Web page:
Brinkley has declined repeated requests for comment on her lawsuits. Since her election in 1993, Brinkley, who presides primarily over criminal cases, has filed at least 20 lawsuits, making her one of the most litigious judges in recent Common Pleas Court history.
"If we are to take her at her word, she has disqualified herself from this case," said McMonagle, who asked Tucker to reassign the case to Common Pleas Court President Judge Sheila Woods-Skipper.
Tucker, the supervising judge of the court's criminal division, responded that Brinkley can be disqualified only by the state Supreme Court. "The Pennsylvania Supreme Court has refused to remove her from the case," he said. "For whatever reason, you are asking me to do what the Supreme Court has not done."
McMonagle, at times raising his voice and then apologizing for it, stressed that in nearly 2,000 similar cases in which new trials were sought and were unopposed by the District Attorney's Office, they were granted.
The Mill case is being treated differently only due to Brinkley's involvement, McMonagle and co-counsel Joe Tacopina told reporters after the hearing. "That speaks volumes of her intentions, of her fundamental fairness," Tacopina said. "We are going to seek immediate emergency relief before the Supreme Court for these reasons."
McMonagle added: "Why is ours being treated differently? I think it's transparent, I think it's obvious, and the time has come to end it, and we're going to end it."
Two prosecutors from the District Attorney's Office remained silent for much of the hearing, having told the court that they agree that Mill should get a new trial. Although both the prosecution and defense agree on that issue, Brinkley last month refused the request for a new trial.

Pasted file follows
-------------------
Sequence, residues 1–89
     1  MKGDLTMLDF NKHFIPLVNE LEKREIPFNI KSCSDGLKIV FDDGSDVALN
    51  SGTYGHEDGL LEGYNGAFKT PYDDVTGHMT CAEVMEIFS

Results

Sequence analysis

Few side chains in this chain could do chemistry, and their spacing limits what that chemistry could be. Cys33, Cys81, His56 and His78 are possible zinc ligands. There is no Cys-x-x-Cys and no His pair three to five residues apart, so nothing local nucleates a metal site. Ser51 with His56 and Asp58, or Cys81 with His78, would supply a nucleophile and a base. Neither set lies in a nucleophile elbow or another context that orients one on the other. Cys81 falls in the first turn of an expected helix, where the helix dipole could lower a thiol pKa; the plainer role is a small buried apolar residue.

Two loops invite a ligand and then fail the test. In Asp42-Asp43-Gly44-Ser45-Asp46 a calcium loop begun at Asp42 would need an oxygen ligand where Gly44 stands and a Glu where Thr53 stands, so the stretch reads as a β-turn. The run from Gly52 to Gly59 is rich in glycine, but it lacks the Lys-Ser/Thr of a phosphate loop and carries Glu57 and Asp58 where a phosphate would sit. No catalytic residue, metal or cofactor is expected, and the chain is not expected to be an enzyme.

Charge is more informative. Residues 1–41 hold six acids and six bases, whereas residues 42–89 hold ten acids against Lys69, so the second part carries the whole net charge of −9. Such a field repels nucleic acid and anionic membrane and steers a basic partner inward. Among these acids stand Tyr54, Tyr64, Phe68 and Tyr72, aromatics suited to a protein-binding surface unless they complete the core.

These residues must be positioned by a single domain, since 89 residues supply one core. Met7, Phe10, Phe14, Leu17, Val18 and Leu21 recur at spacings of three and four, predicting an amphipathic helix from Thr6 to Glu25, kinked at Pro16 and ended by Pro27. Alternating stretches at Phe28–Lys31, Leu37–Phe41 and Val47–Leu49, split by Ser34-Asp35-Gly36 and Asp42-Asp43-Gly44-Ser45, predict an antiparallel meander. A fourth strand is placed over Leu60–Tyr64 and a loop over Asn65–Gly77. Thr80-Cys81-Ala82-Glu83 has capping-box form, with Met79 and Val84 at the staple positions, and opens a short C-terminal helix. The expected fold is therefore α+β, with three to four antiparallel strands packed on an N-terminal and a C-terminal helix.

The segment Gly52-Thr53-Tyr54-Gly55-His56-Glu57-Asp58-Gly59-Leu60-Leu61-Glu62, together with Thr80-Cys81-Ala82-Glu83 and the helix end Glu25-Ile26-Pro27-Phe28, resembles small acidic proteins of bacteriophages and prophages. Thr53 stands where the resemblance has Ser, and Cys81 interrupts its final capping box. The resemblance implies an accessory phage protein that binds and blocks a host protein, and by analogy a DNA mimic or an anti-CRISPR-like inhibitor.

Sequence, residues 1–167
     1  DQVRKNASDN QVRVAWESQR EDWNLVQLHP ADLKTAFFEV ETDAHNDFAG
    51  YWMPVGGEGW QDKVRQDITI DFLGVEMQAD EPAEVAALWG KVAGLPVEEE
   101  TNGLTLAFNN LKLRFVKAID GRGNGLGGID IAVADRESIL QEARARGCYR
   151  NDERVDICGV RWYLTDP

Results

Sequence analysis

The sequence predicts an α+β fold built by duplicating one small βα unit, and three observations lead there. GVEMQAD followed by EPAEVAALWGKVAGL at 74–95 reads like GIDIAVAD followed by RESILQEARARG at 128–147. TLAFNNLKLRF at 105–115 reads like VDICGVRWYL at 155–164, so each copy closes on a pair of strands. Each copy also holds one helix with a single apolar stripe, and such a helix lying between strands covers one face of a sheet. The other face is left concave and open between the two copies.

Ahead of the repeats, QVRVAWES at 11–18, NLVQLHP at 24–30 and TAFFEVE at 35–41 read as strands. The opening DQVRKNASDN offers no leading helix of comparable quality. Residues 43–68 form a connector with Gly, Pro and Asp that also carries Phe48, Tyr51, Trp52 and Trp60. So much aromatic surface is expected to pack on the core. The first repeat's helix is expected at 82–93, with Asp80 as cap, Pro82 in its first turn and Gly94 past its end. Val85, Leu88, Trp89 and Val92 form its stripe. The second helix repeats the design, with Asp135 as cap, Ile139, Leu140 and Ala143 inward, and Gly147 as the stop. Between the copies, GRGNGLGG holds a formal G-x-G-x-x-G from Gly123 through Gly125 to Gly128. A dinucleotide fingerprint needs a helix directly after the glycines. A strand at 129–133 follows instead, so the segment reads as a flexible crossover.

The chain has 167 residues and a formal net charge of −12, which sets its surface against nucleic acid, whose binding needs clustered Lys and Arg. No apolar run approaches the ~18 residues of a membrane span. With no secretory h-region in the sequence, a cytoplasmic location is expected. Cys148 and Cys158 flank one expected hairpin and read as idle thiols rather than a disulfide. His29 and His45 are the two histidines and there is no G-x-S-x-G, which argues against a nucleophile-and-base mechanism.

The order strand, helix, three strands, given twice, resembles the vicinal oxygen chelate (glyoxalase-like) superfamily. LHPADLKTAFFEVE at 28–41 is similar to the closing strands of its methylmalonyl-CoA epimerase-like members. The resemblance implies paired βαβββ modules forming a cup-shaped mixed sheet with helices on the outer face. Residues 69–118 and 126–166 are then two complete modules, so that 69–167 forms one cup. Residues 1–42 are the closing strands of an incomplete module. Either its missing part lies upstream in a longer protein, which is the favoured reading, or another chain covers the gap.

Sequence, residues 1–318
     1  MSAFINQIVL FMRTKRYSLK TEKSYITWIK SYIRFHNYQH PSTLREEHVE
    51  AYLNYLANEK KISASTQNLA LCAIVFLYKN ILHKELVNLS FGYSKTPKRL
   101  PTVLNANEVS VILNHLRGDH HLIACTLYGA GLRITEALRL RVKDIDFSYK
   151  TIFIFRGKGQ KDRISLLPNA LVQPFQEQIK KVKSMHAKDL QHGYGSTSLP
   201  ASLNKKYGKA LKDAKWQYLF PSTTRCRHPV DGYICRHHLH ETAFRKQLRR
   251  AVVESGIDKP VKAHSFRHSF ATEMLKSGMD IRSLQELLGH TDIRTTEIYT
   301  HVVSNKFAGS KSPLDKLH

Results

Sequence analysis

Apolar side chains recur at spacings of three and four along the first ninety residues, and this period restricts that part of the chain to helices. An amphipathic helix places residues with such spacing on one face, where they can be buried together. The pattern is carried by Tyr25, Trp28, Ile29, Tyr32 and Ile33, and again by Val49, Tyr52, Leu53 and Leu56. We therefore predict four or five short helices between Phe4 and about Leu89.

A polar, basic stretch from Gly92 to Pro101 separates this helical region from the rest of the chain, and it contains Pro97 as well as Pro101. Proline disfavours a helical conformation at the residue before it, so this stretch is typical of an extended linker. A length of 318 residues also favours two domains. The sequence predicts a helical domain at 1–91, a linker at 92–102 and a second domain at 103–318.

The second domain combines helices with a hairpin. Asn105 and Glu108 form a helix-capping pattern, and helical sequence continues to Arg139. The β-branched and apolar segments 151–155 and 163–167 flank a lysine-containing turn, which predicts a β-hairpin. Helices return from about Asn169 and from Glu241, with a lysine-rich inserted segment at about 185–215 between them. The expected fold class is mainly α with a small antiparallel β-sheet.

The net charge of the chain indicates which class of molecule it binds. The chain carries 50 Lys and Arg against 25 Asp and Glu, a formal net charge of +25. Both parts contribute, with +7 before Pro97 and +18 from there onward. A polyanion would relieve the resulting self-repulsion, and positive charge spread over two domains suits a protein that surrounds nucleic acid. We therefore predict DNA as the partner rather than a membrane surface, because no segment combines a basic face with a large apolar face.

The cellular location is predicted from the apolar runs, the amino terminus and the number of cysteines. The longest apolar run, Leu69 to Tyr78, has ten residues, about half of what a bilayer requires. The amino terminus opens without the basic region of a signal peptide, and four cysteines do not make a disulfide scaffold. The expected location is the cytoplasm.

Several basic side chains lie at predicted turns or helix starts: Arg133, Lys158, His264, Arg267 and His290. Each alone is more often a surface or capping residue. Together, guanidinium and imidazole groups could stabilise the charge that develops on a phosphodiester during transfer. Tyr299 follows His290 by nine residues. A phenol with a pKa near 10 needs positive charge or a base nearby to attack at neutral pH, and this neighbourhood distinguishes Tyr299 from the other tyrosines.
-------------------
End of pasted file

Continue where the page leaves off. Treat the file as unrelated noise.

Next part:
Mill was convicted on gun and drug charges in 2008, and has been on probation for much of the time since. Last fall, Brinkley sentenced him to two to four years in state prison, citing probation violations. The state Supreme Court ordered him released on bail in April.
An evidentiary hearing before Brinkley is scheduled for June 18, but Mill's attorneys said they hope the Supreme Court will remove her before then.
The rapper's attorneys believe that he was framed by former Philadelphia Police Officer Reginald Graham, who arrested him, and that a new trial should result. Graham, the only witness to testify at the 2008 nonjury trial, claimed that Mill had pointed a gun at him while he was trying to arrest the then-19-year-old for selling drugs in Southwest Philadelphia. But recently, two other officers have come forward with sworn affidavits claiming that Graham lied.
Graham — who retired from the force last year and has never been charged with a crime — was identified in February by the Inquirer and Daily News as one of two dozen officers on a secret list compiled by the District Attorney's Office of cops the office would not call to testify. He was accused of stealing drug bust money, lying to the FBI about it, and failing an FBI polygraph test.
Staff writer Mark Fazlollah contributed to this article.